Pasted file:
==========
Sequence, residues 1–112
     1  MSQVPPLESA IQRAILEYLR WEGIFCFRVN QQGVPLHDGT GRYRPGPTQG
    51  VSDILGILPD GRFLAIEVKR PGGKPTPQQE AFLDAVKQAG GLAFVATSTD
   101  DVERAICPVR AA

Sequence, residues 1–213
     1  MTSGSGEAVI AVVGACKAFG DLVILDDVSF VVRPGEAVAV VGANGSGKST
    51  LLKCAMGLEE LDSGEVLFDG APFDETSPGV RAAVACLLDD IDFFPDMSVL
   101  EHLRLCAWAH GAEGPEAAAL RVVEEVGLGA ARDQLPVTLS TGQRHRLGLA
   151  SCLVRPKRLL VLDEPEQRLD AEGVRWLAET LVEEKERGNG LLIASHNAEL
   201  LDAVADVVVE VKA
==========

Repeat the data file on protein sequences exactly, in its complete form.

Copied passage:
Sequence, residues 1–112
     1  MSQVPPLESA IQRAILEYLR WEGIFCFRVN QQGVPLHDGT GRYRPGPTQG
    51  VSDILGILPD GRFLAIEVKR PGGKPTPQQE AFLDAVKQAG GLAFVATSTD
   101  DVERAICPVR AA

Sequence, residues 1–213
     1  MTSGSGEAVI AVVGACKAFG DLVILDDVSF VVRPGEAVAV VGANGSGKST
    51  LLKCAMGLEE LDSGEVLFDG APFDETSPGV RAAVACLLDD IDFFPDMSVL
   101  EHLRLCAWAH GAEGPEAAAL RVVEEVGLGA ARDQLPVTLS TGQRHRLGLA
   151  SCLVRPKRLL VLDEPEQRLD AEGVRWLAET LVEEKERGNG LLIASHNAEL
   201  LDAVADVVVE VKA